1. For the top piece of the case. Cut the plate in half, because the back half needs to be opened so we can get to the sensors/electronics

  2. Cut the following holes in the fiberboard pieces

    - On the topfront half piece. Cut 3 holes:

    - 1 rectangle hole (6.8 cm on 3.5cm for the LCD)
    - 1 circle hole (diameter of 2.5 cm for the fan)
    - 1 square hole (2.5cm on 2.5 cm for the PIR motion sensor)

  3. Cut in the back piece a hole in the form of a circle. This is where the power cables will come through.

  4. Drill small holes with the drill with a screw of 0.6 cm diameter on the back (around de hole for the cables) and the left side of the case. We do this so there will be enough air circulation in the case.

  5. On the right side of the case. Cut a hole in the back (5.5 cm on 3.5 cm) for the Ultra sonic sensor (so it can work properly).

  6. Glue all the pieces together with the TEQ glue. If necessary, you can add fiberboard bars to strengthen the sides of the case. Place these bars inside the case.



    AFTER EVERYTHING HAS DRIED

  7. Screw the handle on the front of the case. Screw it on the top of the front piece (NOT the top piece where we made the 3 holes => see the pictures for clarification if necessary).

  8. Screw 2 hinges (4 screws) on the right side (in the back) of the case so that the top back half can be opened.

  9. Screw 2 hinges (4 screws) on the bottom of the front piece so that the front side of the case can be opened.

  10. Screw the magnets on the inside of the case:

    - 2 magnets in front of the top front piece inside

    - 1 metal piece on top of the front piece so it connects with the magnets

  11. Glue the fiberboard bars on the bottom of the case so that the front can be opened easily with the handle.

  12. Add primer to the case

  13. Add white paint to the case

  14. Congratulations! Your case is done!

Step 6: Placing the Components in the Case

For the placement of the components in the case, the following:

  1. The LCD and Fan will be screwed on top of the case one the OUTSIDE.
  2. The PIR motion sensor wilt be glued on top of the case on the INSIDE.

The reason why we do this for the motion sensor and not the rest, is to prevent the motion sensor from non stop registering.

The breadboards (with most of the electronics on it) will be glued inside the case and are placed in the back. Pay attention that de Ultra sonic sensor is visible through the hole on the right side.

The Raspberry Pi will be placed in the front half of the case. Since the Pi is the console that needs to be cooled, it doesn't need to be glued/screwed (since we wouldn't do that with a real console).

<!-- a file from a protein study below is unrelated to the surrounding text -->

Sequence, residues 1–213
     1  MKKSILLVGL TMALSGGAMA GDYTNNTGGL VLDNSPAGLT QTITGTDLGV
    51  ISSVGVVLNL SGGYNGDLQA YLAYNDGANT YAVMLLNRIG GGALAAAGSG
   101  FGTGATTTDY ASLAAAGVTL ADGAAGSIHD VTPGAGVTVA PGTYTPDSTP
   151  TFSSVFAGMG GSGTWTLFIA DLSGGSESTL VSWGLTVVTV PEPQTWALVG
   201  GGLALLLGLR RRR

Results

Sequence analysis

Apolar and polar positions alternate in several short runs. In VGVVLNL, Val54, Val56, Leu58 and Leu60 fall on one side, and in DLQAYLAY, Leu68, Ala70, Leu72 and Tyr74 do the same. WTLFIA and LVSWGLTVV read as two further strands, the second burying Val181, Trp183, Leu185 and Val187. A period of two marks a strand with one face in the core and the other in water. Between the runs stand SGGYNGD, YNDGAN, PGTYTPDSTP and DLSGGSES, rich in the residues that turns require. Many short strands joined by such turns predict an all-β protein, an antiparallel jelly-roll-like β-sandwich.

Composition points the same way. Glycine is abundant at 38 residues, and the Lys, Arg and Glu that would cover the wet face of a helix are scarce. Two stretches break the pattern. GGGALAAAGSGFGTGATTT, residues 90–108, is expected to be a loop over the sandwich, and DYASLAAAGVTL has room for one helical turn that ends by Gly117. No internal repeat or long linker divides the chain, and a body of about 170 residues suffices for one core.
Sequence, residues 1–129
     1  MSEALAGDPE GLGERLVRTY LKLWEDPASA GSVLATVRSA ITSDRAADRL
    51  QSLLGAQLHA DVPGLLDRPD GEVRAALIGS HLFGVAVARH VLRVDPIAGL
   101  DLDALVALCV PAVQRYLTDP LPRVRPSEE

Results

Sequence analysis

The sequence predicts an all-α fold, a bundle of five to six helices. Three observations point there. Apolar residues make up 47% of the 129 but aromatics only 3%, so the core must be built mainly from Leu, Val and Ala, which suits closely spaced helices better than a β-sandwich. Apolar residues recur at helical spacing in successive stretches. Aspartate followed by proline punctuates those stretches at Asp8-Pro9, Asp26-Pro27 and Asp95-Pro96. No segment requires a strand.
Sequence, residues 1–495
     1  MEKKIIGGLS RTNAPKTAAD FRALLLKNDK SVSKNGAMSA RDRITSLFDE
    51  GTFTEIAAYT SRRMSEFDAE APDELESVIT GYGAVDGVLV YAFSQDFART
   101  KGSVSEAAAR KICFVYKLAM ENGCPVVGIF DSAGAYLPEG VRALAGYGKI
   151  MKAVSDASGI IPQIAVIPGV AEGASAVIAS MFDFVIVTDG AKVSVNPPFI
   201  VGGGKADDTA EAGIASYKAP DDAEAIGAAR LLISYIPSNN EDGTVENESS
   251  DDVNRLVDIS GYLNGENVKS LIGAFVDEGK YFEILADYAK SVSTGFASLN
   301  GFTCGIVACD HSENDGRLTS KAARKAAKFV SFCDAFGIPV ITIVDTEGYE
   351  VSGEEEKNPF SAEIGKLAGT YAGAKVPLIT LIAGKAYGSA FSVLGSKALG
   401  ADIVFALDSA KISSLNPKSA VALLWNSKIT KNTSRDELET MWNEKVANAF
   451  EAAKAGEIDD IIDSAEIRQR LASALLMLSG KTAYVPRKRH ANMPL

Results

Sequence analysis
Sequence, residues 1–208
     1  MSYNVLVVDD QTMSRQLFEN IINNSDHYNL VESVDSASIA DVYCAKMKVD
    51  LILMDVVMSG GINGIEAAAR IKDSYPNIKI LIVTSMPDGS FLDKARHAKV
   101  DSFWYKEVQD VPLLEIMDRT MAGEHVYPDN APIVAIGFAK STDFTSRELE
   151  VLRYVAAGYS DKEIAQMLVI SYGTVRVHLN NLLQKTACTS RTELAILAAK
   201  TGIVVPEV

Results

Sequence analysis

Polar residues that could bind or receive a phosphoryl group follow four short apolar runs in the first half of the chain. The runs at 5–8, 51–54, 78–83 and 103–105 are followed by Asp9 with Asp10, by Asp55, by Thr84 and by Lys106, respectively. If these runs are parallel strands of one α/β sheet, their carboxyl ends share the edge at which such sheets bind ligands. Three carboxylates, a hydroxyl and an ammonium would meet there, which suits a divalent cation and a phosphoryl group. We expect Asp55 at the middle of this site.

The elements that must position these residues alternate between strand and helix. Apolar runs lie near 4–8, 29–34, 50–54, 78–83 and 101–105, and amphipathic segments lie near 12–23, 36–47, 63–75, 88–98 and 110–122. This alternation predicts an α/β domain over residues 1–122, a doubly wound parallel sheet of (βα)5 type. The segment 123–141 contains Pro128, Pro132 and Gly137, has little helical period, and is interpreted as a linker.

Step 7: Setup Raspberry

Before we start coding, we need to setup the right environment.

How do we do that? By downloading the raspbian buster image for the raspberry pi and to write it on the raspberry by using Win 32 disk imager. Before you start te write te image to the Pi, make sure to create an SSH-file (without an extension) in the image to enable SSH on the Raspberry Pi .

Setup on the pi

After you've done this, you can use putty to login on your raspberry so you can configure it properly. Be aware that you'll need to connect your Pi to your pc with a ethernet cable.

The default user and password for the Pi are the following:

user: pi

password: raspberry

You can change this using raspi-config.

We must add a network on your Pi so that other devices can look at your site when they are on the same network.
Enter the following commands on putty.

  1. sudo iw dev wlan0 scan | grep SSID
  2. wpa_passphrase "NAMEOFYOURNETWORK"
    1. Enter the password of your network
  3. sudo nano /etc/wpa_supplicant/wpa_supplicant.conf
  4. sudo reboot
  5. ifconfig (to check of your wifi setup worked)

You will have to make sure your Pi is up to date by using the following commands while the Pi is connected to the internet:

  • sudo apt-get update
  • sudo apt-get upgrade

After which you can enable or install the packages for the project to work, either through raspi-config or commands. Since we're talking about raspi-config, we can enable the one-wire interfacing here so that the raspberry can read the one wire sensor. Go to the interfacing options, select one wire and press enable. You'll also need to install SocketIO with:

  • pip install flask-socketio

Now that we have internet, we need to create our database. But first we need to download MariaDB (on the pi) and Mysql Workbench (on the pc) so we can work on MariaDB.

Step 8: Setup Pc

Mysql Workbench

After everything is installed, we can acces MariaDB through Mysql Workbench on our pc.

When we create a new database, we need to configure this database like the image above (the one with connection name 'raspi'). While we are configuring this database, we need the username / password of both the database and the raspberry. the default user and password are 'mysql' / 'mysql' on the database and 'pi' / 'rapsberry' on the Pi.